We will look at many alternate tunings in this article and I encourage you to eventually try all of them on your banjo.

Open C Banjo Tuning – gCGCE

open c tuning banjo diagram-GCGCE

Open C tuning is a popular alternate open tuning for 5-string banjos, especially among those who play folk, blues, and old-time music. Players often choose Open C tuning for its rich, resonant sound and the ease of playing chords and melodies in the key of C major. The tuning allows for interesting chord voicing and facilitates smooth transitions.

Open D Tuning Banjo – f#DF#AD

banjo d tuning diagram

Open D tuning also known as banjo D tuning is another open tuning for the 5-string banjo. This tuning is popular with bluegrass fingerpickers. Famously used by Earl Scruggs, banjo D tuning offers a warm and full sound, perfect for playing songs in the key of D major. It also simplifies chord shapes and fingerings, as with the other open chord tunings.

Sawmill Tuning – gDGCD

sawmill banjo tuning diagram-GDGCD

Sawmill tuning – gDGCD, also known as mountain modal or “G modal” tuning, is a favorite alternate tuning among 5 string banjo players seeking a more haunting, mysterious sound. The 2nd string is raised a half step from B to C, making it very easy to switch to from standard (just one string!). The open strings form a variation of a G chord (Gsus4), which creates unique sound that is neither major nor minor.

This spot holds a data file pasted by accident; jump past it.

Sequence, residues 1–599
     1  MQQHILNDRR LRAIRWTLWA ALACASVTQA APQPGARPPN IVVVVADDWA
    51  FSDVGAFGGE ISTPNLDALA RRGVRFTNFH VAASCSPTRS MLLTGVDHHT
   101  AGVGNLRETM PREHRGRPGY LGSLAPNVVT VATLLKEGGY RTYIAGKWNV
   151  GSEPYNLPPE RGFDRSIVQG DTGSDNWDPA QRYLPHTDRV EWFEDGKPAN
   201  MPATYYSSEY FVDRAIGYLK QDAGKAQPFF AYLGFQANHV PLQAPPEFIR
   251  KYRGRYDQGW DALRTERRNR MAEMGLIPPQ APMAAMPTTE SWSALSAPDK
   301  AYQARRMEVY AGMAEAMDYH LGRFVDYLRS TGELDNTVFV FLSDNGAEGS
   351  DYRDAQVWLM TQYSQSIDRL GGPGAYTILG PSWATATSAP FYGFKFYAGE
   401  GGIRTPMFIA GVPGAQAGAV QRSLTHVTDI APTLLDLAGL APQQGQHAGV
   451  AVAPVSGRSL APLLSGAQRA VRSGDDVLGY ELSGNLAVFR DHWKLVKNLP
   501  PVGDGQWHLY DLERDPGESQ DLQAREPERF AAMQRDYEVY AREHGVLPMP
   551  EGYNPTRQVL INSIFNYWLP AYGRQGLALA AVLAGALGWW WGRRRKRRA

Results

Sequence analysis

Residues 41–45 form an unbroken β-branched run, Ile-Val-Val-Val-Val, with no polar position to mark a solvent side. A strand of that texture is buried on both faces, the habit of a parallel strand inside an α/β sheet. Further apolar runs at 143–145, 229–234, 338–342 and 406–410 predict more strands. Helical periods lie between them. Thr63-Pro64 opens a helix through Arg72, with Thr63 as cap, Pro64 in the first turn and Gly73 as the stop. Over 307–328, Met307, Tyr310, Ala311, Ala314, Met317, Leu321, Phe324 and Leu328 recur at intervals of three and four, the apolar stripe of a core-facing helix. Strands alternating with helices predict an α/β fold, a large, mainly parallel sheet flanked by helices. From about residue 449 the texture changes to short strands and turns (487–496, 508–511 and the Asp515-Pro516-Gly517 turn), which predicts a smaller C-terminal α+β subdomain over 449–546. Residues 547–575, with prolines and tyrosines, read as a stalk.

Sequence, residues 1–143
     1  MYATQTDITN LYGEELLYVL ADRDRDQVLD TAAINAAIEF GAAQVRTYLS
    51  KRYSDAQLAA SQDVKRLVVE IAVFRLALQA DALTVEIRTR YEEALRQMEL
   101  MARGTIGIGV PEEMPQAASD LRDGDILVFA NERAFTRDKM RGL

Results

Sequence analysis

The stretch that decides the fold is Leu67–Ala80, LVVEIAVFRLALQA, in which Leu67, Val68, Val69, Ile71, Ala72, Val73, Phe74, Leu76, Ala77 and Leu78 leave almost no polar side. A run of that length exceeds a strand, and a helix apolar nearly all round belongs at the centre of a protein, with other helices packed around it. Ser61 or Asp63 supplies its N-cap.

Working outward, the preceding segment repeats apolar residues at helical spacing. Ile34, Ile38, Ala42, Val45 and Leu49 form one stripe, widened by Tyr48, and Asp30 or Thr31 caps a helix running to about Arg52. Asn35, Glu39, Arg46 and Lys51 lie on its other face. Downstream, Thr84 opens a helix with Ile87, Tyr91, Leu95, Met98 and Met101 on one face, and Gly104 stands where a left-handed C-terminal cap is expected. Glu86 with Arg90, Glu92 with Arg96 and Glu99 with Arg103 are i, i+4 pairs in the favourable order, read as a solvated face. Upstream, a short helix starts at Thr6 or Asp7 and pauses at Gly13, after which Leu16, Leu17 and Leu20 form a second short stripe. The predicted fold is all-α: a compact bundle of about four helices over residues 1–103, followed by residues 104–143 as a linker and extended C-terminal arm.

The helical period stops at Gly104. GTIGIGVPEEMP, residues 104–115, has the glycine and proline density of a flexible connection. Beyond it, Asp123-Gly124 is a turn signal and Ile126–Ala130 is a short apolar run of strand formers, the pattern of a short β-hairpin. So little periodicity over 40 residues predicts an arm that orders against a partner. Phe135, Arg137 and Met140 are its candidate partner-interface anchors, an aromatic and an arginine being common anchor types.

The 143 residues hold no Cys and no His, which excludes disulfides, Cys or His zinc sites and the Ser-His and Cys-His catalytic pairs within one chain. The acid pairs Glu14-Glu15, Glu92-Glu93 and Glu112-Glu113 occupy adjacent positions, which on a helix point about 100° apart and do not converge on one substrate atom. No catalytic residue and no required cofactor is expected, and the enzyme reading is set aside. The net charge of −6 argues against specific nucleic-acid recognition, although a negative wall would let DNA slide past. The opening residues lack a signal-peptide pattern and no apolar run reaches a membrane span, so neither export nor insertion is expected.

This tuning is often used for old-time and Appalachian mountain music and a perfect Clawhammer banjo tuning. Overall, Sawmill tuning allows players to explore a different emotional range and opens up banjo players to new musical possibilities. I highly recommend this one.

Drop C Tuning Banjo – gCGBD

drop c tuning banjo diagram-GCGBD

Banjo C tuning or Drop C – gCGBD, is very quick to get to from standard. The 4th string is lowered to C to produce a deeper resonant tone. Drop C is a popular clawhammer banjo tuning, but is also well-suited for various other playing styles, such as fingerpicking and frailing.

This tuning is very popular and is an example of how easy it is to tune from standard to alternate.

Double C Tuning Banjo – gCGCD

double c tuning banjo diagram-GCGCD

Double C – gCGCD, is another popular five string clawhammer banjo tuning. In this tuning, the 2nd string is raised a half step from B to C, and the 4th bass string is lowered a whole step from D to C, giving the banjo a deeper, mellower sound than the standard G tuning.